Using real world data from real world patients... this is clinical, not claims data...
"In the monotherapy cohorts, there were 12,440 users of rosiglitazone, 16,302 of
pioglitazone, 131,075 of metformin, and 48,376 of sulfonylureas. For the combined
endpoint of myocardial infarction plus coronary revascularizations, the hazard ratio forrosiglitazone versus pioglitazone was 0.97 (95%CI 0.78 â€“ 1.20), indicating essentially no difference between these thiazolidinediones. Both agents had somewhat less favorable outcomes than metformin, and both had somewhat better outcomes than sulfonylureas. In the dual therapy cohorts, there were 37,906 users of rosiglitazone in conjunction with metformin or sulfonylureas and 27,415 users of pioglitazone in similar combinations. Outcome rates in the rosiglitazone users versus the pioglitazone users were similar in combination with both metformin (HR 0.97, 95%CI 0.81 â€“ 1.17) and sulfonylureas (HR 1.12, 95%CI 0.89 â€“ 1.41). No combination with rosiglitazone or pioglitazone was meaningfully different in terms of outcomerates from a metformin-sulfonylurea combination.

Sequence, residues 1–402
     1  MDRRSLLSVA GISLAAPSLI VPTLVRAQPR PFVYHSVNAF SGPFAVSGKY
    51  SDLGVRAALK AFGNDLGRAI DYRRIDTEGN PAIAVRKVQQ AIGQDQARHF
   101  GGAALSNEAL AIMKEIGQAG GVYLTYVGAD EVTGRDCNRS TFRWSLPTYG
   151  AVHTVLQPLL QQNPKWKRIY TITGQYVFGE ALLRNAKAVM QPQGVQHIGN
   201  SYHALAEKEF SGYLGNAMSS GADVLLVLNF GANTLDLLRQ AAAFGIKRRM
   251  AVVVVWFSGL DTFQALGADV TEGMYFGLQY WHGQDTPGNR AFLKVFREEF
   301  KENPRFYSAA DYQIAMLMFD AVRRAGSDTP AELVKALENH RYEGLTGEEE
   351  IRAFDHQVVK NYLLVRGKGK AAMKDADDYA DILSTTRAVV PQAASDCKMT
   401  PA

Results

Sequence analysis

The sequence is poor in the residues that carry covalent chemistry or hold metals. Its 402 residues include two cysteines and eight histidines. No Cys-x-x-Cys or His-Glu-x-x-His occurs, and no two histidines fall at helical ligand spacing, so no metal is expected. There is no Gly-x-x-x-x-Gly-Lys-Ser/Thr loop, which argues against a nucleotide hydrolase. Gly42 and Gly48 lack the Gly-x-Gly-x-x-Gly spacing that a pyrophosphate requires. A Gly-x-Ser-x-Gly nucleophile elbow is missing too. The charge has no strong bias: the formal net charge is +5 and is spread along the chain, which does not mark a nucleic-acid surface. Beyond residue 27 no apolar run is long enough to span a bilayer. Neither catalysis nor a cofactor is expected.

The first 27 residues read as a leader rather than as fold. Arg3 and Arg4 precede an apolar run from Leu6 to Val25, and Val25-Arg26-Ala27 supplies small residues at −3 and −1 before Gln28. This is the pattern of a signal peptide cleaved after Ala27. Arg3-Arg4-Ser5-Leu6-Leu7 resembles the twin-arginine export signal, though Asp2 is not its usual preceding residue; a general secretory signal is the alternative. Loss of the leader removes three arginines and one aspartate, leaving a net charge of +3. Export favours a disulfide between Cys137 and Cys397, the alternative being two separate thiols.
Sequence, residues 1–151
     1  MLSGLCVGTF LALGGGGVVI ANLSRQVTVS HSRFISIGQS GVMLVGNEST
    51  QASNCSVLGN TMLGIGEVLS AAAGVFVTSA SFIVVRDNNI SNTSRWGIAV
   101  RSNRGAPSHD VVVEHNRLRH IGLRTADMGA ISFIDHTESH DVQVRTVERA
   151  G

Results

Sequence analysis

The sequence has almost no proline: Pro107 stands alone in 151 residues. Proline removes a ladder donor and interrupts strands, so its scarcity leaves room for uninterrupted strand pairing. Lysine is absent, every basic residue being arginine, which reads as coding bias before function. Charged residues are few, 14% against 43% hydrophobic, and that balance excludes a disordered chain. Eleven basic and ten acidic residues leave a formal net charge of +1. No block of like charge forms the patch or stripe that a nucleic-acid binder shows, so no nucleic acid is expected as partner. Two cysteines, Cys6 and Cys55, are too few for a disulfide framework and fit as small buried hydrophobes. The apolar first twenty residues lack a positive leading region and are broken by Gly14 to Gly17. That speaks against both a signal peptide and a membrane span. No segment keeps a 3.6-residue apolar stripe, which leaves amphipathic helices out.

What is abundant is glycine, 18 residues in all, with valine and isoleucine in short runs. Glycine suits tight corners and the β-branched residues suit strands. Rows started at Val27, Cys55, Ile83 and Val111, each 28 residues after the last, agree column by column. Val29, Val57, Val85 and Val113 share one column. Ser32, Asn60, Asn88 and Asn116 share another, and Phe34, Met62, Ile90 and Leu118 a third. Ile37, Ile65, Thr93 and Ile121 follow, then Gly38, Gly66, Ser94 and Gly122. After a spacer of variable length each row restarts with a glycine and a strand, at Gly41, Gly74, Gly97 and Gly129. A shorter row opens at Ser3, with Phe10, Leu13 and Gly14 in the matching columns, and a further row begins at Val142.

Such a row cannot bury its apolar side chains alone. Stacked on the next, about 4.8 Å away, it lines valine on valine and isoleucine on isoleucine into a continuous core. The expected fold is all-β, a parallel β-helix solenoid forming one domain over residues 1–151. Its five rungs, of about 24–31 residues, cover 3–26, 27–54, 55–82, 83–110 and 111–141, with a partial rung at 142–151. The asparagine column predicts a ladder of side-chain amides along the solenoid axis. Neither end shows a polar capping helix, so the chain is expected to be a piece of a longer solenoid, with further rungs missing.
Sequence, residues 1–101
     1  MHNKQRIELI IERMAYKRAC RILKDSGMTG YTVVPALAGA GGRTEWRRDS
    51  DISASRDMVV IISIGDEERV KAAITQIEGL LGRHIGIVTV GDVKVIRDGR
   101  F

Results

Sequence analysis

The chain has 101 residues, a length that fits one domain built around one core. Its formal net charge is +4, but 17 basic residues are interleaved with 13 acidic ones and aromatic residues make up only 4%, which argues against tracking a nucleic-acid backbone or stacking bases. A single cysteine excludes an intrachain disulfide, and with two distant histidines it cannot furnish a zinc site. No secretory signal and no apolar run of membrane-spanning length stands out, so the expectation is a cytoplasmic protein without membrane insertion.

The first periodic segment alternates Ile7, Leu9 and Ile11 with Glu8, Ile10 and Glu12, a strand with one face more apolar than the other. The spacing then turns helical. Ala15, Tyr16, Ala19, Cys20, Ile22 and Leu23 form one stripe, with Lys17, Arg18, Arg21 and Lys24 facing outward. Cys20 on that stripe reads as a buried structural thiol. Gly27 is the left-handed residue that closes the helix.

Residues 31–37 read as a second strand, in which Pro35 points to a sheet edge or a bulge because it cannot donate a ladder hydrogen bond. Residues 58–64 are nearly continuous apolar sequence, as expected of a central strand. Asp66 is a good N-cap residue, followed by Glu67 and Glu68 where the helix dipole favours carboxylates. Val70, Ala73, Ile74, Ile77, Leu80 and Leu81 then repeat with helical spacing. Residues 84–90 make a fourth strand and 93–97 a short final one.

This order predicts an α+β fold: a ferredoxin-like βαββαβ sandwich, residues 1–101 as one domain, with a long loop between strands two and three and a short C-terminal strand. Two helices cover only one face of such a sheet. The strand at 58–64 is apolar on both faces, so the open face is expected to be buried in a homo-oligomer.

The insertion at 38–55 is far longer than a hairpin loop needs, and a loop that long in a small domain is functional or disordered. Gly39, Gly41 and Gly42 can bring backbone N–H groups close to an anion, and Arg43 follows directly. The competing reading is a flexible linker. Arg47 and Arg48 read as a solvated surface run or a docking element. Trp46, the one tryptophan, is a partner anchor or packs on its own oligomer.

The incidence of a combined endpoint of myocardial infarction and coronary
revascularization in users of rosiglitazone appears to be nearly the same as in users of pioglitazone, metformin and sulfonylureas. There is strong evidence against the
proposition that rosiglitazone in particular is associated with as much as a 40 percent
increase in risk. As in previous analyses of observational data in the US, the results
from the monotherapy and the dual-therapy comparisons, though not individually
significant, are consistent in suggesting that the risk of CHD events in patients using
thiazolidinediones may lie between the risks associated with sulfonylureas (higher
incidence) and metformin (lower incidence)."
http://www.fda.gov/ohrms/dockets/ac/07/briefing/2007-4308b1-00-index.htm (Appendix D)